Thanks for the succinct write up. Ven. Sobhitha Thera is the closest a Sri Lankan Buddhist Monk came to since Independence, following the Enlightened Buddha’s path for a long time. What a contrast from Buddha Rakita and Somarama, who conspired to kill SWRD.

    The loss of Ven. Sobhitha Thera is truly a National and Sinhala Buddhist loss, who cared about Buddhism and Buddha’s teachings.

    May Ven. Sobhitha Thera achieve Nibbana.

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      Appreciate you did not bring in the name of Gnanasara to pollute those whose names you have mentioned.

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      Ven. Sobhitha Thera -Sobitha Hamuduruwo, A True National Leader, A True Democrat, and a True Disciple of the Enlightened Buddha.

      A brief history of a true leader.

      https://youtu.be/env1HTRZVKU

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      Amarasiri,

      I was bout to say what you said, now you said it all ,

      Thanks , my dear, great comment

      I think this Ranga Kalansooriya’s article is one of the best, if not the best,
      thanks Ranga

  • 10
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    “The Buddha taught us the lesson of religious tolerance and co-existence through his own practice….”

    I would be Happy if the people who came to pay Homage to the Ven Sobitha, came because He Also Taught us a lesson in Religious Tolerence; not because He helped to Dethrone the Rajapakses!

    As I have always maintained; even if the Maithreya Buddha were to arrive in Sri Lanka, the ‘Sinhala Buddhists’ would not be able to recognise Him!

    They would prefer the likes of BBS’s Gnanasara.

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      @ Hamlet

      With all due respect to your candid comment,I would opine that your point on” They would prefer the likes of BBS’s Ghanassara ” is not quite rightt.Three facts make me think so.1) The white wash the BBS suffered at the last General Election,despite a Gotabhaya Rajapaksa led and massively funded campaign.2)The number of letters written by Sinhala Buddhists to the media decrying the BBS hate campaign against the Christians and Muslims.3)The stand taken by the likes of Ven.Sobitha,Ven.Amila and public figures such as Dilan Perera, TB Tennakoon ,SB Dissanayake and even the usually incorrigible Meryn Silva etc against the BBS

      So all is not lost in our fair little isle !

  • 5
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    I would think that a human being with the ability to break free of his initial thinking on a matter and think radically anew is as great as the person who never did wrong.Ven.Sobitha had the rare capacity to do that and he serves as a beacon for us to follow, no matter what religion we subscribe to, or what vocation in life we belong.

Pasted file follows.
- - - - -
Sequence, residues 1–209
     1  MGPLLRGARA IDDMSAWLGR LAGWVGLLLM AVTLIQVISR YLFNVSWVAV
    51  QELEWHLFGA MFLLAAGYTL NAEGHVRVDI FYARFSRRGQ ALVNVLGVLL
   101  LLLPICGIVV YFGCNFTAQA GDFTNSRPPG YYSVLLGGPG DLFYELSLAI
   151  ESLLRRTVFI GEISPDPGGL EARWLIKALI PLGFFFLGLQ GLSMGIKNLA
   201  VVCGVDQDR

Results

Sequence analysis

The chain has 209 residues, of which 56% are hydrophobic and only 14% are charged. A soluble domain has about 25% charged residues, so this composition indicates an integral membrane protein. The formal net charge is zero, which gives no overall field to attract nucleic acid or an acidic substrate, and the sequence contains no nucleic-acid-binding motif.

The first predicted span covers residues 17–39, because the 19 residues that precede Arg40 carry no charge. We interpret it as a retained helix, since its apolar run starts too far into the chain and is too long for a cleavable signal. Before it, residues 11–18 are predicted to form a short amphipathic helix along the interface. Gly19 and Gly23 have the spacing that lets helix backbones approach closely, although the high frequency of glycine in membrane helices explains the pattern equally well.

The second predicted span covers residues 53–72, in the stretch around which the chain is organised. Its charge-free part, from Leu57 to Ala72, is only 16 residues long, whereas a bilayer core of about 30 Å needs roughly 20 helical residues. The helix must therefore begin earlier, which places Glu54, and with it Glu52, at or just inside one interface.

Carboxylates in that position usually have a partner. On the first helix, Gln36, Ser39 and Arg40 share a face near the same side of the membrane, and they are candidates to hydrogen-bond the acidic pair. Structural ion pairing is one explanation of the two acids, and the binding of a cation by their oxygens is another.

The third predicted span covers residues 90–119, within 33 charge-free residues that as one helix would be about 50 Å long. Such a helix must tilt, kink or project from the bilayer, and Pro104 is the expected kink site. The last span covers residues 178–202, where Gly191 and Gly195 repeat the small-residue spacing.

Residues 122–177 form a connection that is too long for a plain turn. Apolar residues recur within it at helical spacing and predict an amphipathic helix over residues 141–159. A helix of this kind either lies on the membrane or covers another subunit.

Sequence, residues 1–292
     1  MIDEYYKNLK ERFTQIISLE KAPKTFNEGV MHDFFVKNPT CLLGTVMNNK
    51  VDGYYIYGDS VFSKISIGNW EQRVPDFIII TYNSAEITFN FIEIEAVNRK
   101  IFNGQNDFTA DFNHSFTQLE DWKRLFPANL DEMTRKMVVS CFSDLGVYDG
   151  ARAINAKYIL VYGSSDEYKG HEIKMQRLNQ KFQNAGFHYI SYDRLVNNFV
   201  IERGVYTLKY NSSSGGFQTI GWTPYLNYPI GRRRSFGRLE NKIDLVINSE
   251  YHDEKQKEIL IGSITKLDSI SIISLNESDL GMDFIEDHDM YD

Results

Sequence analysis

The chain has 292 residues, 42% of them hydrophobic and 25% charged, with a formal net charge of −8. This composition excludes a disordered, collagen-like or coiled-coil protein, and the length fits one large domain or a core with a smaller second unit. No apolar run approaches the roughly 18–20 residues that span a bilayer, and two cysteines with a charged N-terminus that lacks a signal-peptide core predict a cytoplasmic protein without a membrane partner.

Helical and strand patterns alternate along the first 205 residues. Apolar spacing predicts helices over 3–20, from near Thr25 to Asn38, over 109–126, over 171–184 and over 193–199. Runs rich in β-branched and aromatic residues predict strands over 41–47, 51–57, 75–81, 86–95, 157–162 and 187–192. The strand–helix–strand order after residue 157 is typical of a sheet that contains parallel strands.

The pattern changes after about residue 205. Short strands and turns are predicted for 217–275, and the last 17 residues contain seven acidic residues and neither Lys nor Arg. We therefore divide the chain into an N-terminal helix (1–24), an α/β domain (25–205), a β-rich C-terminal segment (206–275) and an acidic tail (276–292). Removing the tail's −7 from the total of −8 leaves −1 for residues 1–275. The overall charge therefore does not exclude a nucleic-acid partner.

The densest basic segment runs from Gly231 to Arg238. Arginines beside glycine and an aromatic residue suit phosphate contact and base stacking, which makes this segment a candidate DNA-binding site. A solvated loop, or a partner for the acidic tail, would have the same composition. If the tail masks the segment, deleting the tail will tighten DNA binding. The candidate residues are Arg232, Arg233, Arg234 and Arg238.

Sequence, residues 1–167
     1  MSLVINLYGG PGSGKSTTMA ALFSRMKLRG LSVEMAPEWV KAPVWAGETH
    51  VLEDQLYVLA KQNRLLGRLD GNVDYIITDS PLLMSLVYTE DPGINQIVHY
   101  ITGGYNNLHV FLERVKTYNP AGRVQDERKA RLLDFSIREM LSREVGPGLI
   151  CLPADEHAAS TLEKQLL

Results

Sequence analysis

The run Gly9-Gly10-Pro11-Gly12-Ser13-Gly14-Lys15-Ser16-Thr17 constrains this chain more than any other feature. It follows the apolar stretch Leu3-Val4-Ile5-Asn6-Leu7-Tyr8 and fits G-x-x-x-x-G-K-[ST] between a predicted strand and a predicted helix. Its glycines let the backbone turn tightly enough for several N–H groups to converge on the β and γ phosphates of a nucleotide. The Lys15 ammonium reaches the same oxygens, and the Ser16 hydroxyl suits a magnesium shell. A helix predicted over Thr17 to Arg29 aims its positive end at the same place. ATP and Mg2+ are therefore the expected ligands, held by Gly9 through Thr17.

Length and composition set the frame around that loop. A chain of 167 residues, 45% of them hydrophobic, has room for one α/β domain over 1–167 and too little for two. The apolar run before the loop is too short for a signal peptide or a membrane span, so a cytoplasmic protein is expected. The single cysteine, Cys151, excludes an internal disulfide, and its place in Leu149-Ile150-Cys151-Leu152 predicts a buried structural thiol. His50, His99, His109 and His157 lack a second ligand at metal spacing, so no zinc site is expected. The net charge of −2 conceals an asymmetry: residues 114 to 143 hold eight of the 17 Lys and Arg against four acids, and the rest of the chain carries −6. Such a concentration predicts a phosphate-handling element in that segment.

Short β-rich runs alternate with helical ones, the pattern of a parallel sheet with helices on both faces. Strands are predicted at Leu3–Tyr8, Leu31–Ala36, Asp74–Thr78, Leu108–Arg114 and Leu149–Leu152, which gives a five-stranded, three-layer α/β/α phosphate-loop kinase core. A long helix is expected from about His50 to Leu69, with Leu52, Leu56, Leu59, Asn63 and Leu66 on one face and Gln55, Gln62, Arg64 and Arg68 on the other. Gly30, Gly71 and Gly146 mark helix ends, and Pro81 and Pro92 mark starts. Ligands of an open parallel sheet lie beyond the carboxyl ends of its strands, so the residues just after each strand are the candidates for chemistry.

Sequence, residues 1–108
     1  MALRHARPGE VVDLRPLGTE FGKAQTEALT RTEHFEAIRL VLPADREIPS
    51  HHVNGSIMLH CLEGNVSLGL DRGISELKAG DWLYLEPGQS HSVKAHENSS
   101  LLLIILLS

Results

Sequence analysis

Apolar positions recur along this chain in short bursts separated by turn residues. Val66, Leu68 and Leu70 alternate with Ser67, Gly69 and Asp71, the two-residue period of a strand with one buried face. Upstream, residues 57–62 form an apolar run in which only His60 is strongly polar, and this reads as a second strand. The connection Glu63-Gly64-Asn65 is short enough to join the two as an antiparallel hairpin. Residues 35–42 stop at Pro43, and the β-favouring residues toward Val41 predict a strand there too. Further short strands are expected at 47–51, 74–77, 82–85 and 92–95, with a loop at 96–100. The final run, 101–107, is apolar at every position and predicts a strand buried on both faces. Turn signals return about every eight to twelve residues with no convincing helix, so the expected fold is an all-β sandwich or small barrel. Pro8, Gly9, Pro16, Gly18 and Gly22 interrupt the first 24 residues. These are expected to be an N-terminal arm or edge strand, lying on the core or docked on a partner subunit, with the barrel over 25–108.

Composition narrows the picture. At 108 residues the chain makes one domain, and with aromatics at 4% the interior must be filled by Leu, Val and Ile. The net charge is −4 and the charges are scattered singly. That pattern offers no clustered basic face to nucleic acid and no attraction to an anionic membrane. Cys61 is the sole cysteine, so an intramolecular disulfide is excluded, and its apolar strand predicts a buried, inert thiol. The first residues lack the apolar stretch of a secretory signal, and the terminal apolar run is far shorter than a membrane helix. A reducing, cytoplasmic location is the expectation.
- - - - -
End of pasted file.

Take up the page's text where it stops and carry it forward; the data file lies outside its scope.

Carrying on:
The massive and rare presence of non Sinhala Buddhists and their large scale assistance at the late Prelate’s final rights , as highlighted by Dr. Kalansuriya ,is a testament to his greatness.Even in death the Venerable Thero had a lesson for all of us . It is indeed a tragedy that he has left us.Whence comes another ?Hope it is really soon.

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    [Edited out]

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    Ven Sobiitha was a true religious leader we lost prematurely . His operation to replace the Aortic valve is a common very successful operation carried out through out the world , for unfit and very elderly its carried out very successfully as a minimally invasive day or two procedure. Lessons cab be learned for Colombo General heart surgeons, if they have a mortality meeting.

  • 4
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    One can hold a point of view which he considers is right under some circumstances bu the desire to change that point of view to adopt to changing circumstances to promote healthy situations is what is reqired of personalities who wish to serve the people and country. The Late Thero demonstrated this and set a unique example to politicians and others.

  • 6
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    Thanks for also highlighting the rabid phase in Sobitha thera’s early political life. His ability to learn, think and evolve into the man he became in later life is the index of his real greatness!

    He indeed was a great man!

    Dr.Rajasingham Narendran

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    “”The Bridge Between Mosque & Temple””

    passion in emotions…. keep up the stupid faith !!shape shape lankans.

    Between the `Mosque and Viharaya` would suit both Estado Nuevo islanders.
    (like synagogue is for jewish)

    Both parasites cannot survive without democracy but the faith is for infidel/bestiality breed??

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    Absolutely, Muslims can learn a lot from Sobitha thera.

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    Late Theros work has to appriciated and the august socity has ensure his good work is continued. as Mr. Imitiaze suggested the late thero should have been the common presidential candidate. Now it’s left for is following to protect and promote his legacy.

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    a GREAT MAN with a GREAT HEART. We lost him when we needed him THE MOST.

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    Actually I can’t understand this so Called ethnic and religious harmony , only Buddhists should practice harmony when most of Buddhist temples are invaded and perished, like muhudhu mana viharaya. , kuragala. ,invade mahamewnaawa in Anuradhapura sacred area and many more,?

    Still Buddhists should pay for halal on behalf of harmony?

    Many more. ,no no. Lot more to write. ,but no point wasting time , I’m not sure this post will be published in this site

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    There are Vishnu Shrines in the premises of many Buddhist Temples.
    Devotees of The Buddha, after offering flowers at the main shrine, also pray at these Hindu shrines, donate cash and even gold, make vows and even curse their enemies by dashing coconuts.
    God Vishnu is said to be the Protector of Buddhism.
    These Vishnu Shrines thus are a good source of income for the managers of the Buddhist temples.
    Thus, there is a ‘bridge’ between the Hindu and Buddhist temples, in the south.

  • 0
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    Brilliant tribute to an iconic and noble monk he was.